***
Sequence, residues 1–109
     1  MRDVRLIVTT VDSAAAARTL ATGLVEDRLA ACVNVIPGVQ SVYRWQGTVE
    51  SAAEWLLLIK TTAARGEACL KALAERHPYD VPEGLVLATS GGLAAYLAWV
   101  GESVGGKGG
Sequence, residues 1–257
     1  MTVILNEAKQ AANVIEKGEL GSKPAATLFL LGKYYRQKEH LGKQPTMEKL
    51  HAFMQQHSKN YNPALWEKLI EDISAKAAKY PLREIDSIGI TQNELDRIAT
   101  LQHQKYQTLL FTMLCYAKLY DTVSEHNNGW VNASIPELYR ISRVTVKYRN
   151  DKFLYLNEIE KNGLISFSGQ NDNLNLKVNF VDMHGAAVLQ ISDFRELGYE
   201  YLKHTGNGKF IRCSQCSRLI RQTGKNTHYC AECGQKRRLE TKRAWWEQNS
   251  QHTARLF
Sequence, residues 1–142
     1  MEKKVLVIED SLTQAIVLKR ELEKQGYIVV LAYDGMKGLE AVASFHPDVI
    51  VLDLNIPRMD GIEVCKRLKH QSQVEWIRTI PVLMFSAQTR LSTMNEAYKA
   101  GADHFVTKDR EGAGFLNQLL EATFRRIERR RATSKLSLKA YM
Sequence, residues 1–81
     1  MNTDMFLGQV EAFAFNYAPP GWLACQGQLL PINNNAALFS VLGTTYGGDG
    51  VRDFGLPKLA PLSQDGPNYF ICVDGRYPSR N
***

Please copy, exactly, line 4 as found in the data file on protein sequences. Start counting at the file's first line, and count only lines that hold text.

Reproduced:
   101  GESVGGKGG